Search results for: Classroom techniques
Page 3/10 97 items
This article examines some of the major issues and attributes of culturally responsive teaching. It begins with explaining the author's views of culturally responsive teaching and how she incorporates cultural responsiveness in her writing to teach readers what it means. The author also discusses of some specific actions essential to its implementation. Excerpts from samples of her own and others' scholarship are woven throughout to exemplify general patterns, themes, and principles of culturally responsive teaching.
Updated: Nov. 03, 2015
This article chronicles the work of the California State University Digital Ambassador Program (DA), a Faculty Learning Community (FLC). This program brought together 13 faculty members across the state to create ongoing, targeted spaces of support for colleagues and educational partners to learn about innovative technological and pedagogical practices on their respective campuses. Three different faculty development activities within teacher education are analyzed: (a) a faculty study hall model, (b) preservice classroom activities, and (c) large-scale professional development activities.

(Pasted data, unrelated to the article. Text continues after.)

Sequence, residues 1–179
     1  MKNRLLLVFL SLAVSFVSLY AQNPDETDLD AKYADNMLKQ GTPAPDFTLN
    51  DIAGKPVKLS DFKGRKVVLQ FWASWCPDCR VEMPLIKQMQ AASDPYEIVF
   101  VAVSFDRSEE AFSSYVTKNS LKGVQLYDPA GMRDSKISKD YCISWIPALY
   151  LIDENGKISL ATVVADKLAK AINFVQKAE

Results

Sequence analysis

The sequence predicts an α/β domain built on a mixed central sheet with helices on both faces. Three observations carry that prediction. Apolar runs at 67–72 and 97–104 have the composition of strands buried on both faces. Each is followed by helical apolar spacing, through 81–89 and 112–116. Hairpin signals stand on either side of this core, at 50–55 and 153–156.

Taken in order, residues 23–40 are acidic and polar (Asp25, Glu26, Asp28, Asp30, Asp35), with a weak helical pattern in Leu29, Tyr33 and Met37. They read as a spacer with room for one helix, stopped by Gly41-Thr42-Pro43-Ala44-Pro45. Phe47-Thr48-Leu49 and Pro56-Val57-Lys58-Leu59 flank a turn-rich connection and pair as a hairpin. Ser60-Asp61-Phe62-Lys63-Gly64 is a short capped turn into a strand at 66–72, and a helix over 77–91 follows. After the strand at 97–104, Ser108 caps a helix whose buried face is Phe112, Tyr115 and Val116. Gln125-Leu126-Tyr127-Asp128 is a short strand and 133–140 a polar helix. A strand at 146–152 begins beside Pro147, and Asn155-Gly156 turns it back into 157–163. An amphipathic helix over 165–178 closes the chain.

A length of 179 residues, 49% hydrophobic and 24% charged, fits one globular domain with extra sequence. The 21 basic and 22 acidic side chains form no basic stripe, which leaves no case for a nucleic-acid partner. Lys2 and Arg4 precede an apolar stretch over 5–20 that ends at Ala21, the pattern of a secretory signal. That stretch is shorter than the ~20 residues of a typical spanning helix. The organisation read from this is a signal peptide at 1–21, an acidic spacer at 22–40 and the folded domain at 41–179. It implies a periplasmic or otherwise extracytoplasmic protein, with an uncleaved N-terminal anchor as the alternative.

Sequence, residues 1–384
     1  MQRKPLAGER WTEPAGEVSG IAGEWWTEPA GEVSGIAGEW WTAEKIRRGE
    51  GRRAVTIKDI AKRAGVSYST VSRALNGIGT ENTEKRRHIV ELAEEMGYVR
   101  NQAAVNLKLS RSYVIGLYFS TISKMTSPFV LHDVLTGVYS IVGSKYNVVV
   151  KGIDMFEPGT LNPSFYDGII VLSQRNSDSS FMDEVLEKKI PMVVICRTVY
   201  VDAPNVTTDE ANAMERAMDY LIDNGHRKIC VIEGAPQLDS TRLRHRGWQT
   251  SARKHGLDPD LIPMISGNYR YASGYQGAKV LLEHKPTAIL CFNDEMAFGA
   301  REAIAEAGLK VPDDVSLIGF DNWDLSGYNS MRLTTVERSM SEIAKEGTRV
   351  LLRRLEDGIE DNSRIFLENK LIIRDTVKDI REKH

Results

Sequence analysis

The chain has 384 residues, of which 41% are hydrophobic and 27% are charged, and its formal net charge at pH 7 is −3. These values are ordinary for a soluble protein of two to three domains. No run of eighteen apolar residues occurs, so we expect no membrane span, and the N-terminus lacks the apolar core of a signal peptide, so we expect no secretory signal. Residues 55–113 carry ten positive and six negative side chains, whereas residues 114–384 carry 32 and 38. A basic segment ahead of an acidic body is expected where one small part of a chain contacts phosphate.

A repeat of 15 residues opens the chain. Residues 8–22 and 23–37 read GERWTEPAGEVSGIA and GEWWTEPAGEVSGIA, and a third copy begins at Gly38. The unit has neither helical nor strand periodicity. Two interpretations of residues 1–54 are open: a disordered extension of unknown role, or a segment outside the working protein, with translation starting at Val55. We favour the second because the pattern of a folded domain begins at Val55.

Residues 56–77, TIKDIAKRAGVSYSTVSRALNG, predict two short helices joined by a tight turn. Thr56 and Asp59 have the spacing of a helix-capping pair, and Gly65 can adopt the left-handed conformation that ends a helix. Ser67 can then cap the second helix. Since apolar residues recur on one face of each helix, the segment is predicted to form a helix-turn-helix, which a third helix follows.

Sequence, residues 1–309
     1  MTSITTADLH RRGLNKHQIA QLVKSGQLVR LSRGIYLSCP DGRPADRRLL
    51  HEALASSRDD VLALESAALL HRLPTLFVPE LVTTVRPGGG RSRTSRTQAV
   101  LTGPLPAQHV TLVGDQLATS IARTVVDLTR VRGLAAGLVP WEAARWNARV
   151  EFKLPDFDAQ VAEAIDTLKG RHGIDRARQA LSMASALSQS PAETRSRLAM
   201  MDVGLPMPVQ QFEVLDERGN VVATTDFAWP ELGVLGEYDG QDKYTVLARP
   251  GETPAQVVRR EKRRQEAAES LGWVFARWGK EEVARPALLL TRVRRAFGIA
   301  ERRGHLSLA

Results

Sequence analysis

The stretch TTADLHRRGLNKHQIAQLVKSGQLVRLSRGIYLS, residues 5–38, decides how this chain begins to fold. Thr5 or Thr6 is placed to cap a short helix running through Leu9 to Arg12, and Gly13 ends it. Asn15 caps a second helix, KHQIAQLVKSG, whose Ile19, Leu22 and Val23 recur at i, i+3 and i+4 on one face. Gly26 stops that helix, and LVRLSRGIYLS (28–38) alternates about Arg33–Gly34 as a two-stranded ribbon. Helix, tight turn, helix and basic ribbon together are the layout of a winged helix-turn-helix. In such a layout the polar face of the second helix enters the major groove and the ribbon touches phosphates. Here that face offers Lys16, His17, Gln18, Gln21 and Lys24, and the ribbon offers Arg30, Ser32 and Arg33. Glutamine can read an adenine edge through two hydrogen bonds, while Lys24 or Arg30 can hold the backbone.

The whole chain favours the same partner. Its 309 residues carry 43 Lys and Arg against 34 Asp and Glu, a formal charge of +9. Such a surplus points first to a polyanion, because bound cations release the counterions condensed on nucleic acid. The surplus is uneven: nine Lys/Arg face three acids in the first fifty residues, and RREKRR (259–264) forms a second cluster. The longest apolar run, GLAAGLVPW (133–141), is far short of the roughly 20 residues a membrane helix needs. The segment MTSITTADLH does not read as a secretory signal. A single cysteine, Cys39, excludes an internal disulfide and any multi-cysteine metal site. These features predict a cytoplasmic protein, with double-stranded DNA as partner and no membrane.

Updated: Nov. 02, 2015
This article explores how teacher candidates in a primary physical education curriculum and methods course learned about and were influenced by efforts to emphasise classroom community and organisation. The findings suggested that most teacher candidates came to recognise pedagogies that fostered a sense of community; however, only a few were able to connect this to their developing visions for teaching.
Updated: Aug. 18, 2015
Exploring Australian Pre-service Teachers Sense of Efficacy, Its Sources, and Some Possible Influences
This study examined the sense of efficacy of final-year Australian pre-service primary teachers and the sources of information that contributed to it. The findings revealed that these beginning teachers have a healthy sense of efficacy for teaching as they begin their professional lives, with the majority feeling they can influence the education of their students quite a bit. Furthermore, the results suggest that respondents did not make any differentiation between classroom management, instruction or student engagement tasks. Finally, the pre-service teachers appeared to use four distinct sources of information when assessing their sense of efficacy in classroom behaviour management: enactive mastery experiences/verbal persuasion, personal qualities, vicarious experiences and physiological and affective states.